Most Western experts describe China's North Korea policy as a failure. If that is the case, China has had many failures, not just one.
Combing through Sino-North Korean history, we discover a series of intriguing relational hiccups between the two, with their relations fluctuating between ups and downs, often in such dramatic ways that compelled outsiders to reach a sweeping conclusion that the couple was about to divorce.
For instance, during China's Cultural Revolution, North Korea's founder and fluent Mandarin speaker Kim Il-sung never set foot on Chinese soil between 1964 and 1970. This didn't end the relationship, though. China and North Korea muddled through the Cold War by sticking together.
After the Cold War, in 1994, Kim Il-sung met his sudden death and his son, Kim Jong-il, took power. Although they were in the same Socialist bloc, China frowned upon North Korea's hereditary power transfer from father to son, seeing it as going against socialist tenets. Kim Jong-il didn't blink.
For the ensuing six years, there was no top-level contact whatsoever between the two countries, including party-to-party, government-to-government and military-to-military. All three channels were stalled.
That period included the North Korean famine period (1994-1998), called the Arduous March. China largely sat back and didn't come to North Korea's rescue. Somewhere between 1.5 million to 3 million North Koreans were estimated to have died from starvation.
In May 2000, at the invitation of Chinese President Jiang Zemin, Kim Jong-il finally made a three-day visit to China. It was his first since taking office as North Korea's top leader, under the official title of general secretary of the Central Committee of the Workers' Party of Korea. The following year, Kim visited China again.
Afterwards, every two or three years, Kim went to China.
Then, in 2010 and 2011, in less than two years, the North Korean leader visited China as many as four times ― until he died of a stroke on December 17, 2011.
This brief historical review shows that Sino-North Korea relations often display quite a broad spectrum of a closeness–and-aloofness cycle, and yet points towards overall resilience.
From this perspective, it can be argued that the lack of any meetings for four years between Xi Jinping and North Korea's current leader Kim Jong-un itself is not too extraordinary either― even though it may seem quite unusual to the eyes of outsiders.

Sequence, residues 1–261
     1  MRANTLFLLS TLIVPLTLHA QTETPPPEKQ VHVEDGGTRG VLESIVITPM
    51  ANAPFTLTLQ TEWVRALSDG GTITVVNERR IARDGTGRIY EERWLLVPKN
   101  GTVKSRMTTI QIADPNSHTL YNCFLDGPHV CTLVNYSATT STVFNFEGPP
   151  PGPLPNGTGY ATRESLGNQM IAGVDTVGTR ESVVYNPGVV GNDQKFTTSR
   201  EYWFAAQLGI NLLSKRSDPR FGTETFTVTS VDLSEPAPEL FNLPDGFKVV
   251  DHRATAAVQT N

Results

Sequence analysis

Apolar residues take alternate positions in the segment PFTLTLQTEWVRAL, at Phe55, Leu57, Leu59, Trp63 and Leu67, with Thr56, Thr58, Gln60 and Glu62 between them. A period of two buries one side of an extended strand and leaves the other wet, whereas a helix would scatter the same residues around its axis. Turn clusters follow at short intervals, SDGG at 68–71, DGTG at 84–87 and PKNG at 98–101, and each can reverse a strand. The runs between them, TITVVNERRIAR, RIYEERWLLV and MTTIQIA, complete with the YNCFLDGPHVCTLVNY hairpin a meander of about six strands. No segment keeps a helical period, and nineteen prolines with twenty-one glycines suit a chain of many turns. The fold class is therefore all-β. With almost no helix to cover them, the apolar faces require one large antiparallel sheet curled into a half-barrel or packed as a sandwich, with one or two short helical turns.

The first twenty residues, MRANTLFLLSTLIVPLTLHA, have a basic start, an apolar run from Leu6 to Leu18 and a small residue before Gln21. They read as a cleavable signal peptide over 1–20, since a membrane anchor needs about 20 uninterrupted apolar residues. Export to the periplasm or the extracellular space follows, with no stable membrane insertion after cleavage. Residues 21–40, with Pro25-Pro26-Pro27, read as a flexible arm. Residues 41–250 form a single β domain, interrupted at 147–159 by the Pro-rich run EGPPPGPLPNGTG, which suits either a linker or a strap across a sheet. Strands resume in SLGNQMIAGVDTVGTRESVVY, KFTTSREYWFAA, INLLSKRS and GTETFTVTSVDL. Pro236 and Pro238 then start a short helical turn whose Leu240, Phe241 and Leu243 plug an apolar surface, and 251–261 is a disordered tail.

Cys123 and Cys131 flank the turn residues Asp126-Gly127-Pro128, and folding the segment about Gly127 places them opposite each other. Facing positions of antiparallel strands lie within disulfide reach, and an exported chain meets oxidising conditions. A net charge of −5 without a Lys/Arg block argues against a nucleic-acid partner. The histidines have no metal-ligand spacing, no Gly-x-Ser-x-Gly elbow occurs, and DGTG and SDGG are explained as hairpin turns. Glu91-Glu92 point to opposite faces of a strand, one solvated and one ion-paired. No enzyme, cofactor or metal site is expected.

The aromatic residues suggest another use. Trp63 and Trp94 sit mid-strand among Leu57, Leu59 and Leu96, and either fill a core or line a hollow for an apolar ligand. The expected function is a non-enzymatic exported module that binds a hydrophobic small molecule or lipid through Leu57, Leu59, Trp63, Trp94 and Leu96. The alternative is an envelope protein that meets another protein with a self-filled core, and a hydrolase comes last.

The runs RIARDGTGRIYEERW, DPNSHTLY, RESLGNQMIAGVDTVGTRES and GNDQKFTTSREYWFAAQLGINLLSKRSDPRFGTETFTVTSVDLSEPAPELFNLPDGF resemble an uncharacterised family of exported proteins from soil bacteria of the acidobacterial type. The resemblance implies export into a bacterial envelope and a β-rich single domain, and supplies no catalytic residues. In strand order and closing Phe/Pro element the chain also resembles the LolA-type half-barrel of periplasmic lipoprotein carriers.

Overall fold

Sino-North Korean relations survived some many crises such as the 1992 decision by China to establish diplomatic relations with South Korea and the 1997 defection by Hwang Jang-yop, Kim Jong-il's personal tutor, to South Korea. When Hwang was first hiding in China, North Korea demanded his repatriation. China sent Hwang to South Korea instead.
In a similar vein, it would be an overstatement to depict the execution of Jang Song-thaek in 2013, who was widely seen as a pro-China figure, as completely putting the China-North Korea relations in disarray.
Kim Jong-un's swift purging of Jang with no signs of a coup, in fact, impressed the Chinese leadership, according to my interviews with Chinese interlocutors.
Previously, the young Kim Jong-un had been a largely unknown, untested, inexperienced new leader in China's eyes. With the swift and brutal purging, Kim proved his mettle. As one Chinese said, "Like father, like son." Chinese interlocutors told me that China also finds it more convenient to deal with North Korea's leader directly, without having to go through a middleman like Jang.
To outsiders, it is a mystery how the odd couple manages their relationship. But so far, they have beaten the odds.
The outside community promotes a view that China, more than ever, has to realize that if North Korea proceeds with a robust nuclear weapons program and Beijing doesn't exert real pressure on Pyongyang, it will result in increasingly negative repercussions for China's own strategic interests.
Unfortunately, this doesn't square with China's own perceptions. Even though China sees North Korea's provocations as destabilizing, including the latest nuclear test and missile launches, it regards the collapse of North Korea as an even greater liability. Further, China thinks the U.S. and its allies pose a more grave danger to China's strategic interests than North Korea does. Just look at China's reaction to THAAD.
Chinese mistrust of the U.S. remains the primary obstacle to cooperation with the United States on North Korea. Despite the inconvenience North Korea poses, geo-strategically speaking, China can hardly afford to put North Korea in an adversarial position.
The common way to describe the U.S. policy on North Korea as "strategic patience" is fallacious. Technically speaking, the U.S. has been patient with China, not with North Korea. Washington's strategy is to see how far China can go in pressuring North Korea. Against this backdrop, that's a prescription for inaction.
The future of China-North Korea relations has its uncertainties, yet the odds for the U.S. strategy have even more.
Lee Seong-hyon, Ph.D., is a research fellow at the Sejong Institute. Email him at firstname.lastname@example.org.